I tell you, Anna, I am seeing something that I never expected to see & some things that are worth going a great ways to see. If I ever get back, I shall feel well paid for my soldiering although it is pretty tuff sometimes. We have not tasted of a bit of fresh beef since we left New York before today. For dinner we had some fresh beef steak. Our principle living has been salt horse & hard bread with something that is called coffee.
I don’t know as I have ever written you any account of our journey. I have written a part of it to some of the folks but I don’t know who but I guess you will hear all about it. When I have written home or to Fitzroy, I have told them to send you the letter. I have not had but one letter since I left New York & that was from you & Sarah written December 2nd. I don’t know as you have ever got the letters I have written to you. If you have, I think I must have some on the road somewhere. I wrote 2 on board the boat at New York, 1 at Tortugas, 1 at Ship Island, 1 at New Orleans, and this makes 3 since we came here. I have written to Fitzroy, Father, Sarah, George, & John & I am getting anxious to get an answer to some of them.
We don’t know anything that is going on around the country. We don’t know half as much about the war as we did when we were at home. We have heard that the news North was that the 25th [Connecticut] Regiment was all cut to pieces but we did not know anything about it. There is a story here today that we were going up the Red River into Texas but I cannot believe it. But I hope it is so. The more we travel, the better it suits me. There is a big expedition gathering here for what purpose I don’t know, but it seems to me that when they move there will be something done. It is surprising to me when I think how these expenses are to be paid. Those that have never seen anything of it can have no idea of what the expense of this war is or how the money is used & I have only a small idea about it. This is but a small part of the army. I don’t know how many troops there is here but I know there is a pile of them & they are coming every day.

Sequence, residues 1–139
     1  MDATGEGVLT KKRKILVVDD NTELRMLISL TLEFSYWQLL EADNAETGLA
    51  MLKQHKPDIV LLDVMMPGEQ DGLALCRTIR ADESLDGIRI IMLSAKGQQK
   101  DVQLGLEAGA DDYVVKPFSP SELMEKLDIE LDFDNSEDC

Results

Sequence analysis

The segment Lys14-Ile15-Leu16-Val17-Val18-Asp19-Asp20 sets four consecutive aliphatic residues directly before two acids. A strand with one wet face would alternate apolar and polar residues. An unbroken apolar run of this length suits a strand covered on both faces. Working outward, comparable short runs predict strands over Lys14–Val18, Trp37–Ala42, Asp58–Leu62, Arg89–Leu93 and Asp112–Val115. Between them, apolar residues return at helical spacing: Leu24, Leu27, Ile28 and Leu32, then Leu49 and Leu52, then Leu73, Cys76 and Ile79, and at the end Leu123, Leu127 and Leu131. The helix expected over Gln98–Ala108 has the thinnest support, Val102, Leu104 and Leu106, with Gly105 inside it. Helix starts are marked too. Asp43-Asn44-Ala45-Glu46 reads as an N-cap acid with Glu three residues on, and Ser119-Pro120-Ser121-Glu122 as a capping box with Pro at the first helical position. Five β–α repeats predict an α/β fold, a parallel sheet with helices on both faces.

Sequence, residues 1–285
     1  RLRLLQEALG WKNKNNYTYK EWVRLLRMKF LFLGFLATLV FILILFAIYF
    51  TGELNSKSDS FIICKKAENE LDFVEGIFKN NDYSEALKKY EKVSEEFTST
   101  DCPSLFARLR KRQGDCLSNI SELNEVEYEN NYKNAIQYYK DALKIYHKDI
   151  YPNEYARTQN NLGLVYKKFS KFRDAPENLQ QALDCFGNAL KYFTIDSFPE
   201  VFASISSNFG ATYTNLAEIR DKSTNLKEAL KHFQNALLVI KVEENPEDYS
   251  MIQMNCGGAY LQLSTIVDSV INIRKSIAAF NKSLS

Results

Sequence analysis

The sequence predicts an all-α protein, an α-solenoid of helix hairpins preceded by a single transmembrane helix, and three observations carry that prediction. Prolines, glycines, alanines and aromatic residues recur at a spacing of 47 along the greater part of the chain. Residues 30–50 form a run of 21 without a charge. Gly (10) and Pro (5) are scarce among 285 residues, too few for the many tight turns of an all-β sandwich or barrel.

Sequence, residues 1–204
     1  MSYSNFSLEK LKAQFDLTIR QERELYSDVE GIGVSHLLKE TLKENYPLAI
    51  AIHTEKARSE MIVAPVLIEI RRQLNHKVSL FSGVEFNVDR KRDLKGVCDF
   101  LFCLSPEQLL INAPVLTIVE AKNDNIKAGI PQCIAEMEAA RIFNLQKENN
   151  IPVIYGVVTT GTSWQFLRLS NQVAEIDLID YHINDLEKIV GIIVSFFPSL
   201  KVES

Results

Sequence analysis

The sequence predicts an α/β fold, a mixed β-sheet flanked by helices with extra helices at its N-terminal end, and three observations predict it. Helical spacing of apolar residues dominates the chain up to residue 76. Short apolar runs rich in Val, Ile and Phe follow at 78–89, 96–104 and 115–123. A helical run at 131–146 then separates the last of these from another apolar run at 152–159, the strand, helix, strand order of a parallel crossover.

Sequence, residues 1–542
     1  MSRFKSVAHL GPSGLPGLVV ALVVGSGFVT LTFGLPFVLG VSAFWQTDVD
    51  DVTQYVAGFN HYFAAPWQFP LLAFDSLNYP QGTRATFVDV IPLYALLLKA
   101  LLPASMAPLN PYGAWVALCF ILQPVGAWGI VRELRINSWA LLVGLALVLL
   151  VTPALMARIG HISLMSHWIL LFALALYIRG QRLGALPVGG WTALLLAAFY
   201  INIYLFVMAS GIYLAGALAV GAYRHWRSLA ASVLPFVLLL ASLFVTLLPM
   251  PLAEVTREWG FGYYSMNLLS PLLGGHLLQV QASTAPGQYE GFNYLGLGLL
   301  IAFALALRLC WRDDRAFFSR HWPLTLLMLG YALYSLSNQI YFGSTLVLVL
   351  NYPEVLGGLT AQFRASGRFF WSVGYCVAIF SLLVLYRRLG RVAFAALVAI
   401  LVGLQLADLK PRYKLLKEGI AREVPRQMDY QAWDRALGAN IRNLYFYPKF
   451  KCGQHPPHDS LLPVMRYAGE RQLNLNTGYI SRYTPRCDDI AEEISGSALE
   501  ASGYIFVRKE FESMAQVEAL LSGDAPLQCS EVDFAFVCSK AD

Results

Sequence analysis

I want you to write as often as you can. Write all the news & send me some papers. I would give $10 to get a letter from you tonight & may get one, but you don’t know how anxious I feel about you although I don’t worry for I know you are taken care of. But write often & I will do the same. I must close. Give my love to all the folks & tell them to write. I will answer all the letters I can. This from your dearest husband, — Mills H. Barnard
I will wish you a Merry Christmas & a Happy New Year. Always direct 25th Regt., Co. E, Banks Expedition via Washington or New York
¹ This is a reference to the Battle of Baton Rouge that took place on 5 August 1862. Major Benjamin Hays of the 21st Indiana was severely wounded in the fighting that day but survived and later temporarily led the regiment so he could not have been the “Major” buried near the encampment of the 25th Connecticut. It was most likely the grave of a Confederate officer.
TRANSCRIPTION LETTER TWO
Springfield Landing, La.
July 1, 1863
My own dear wife,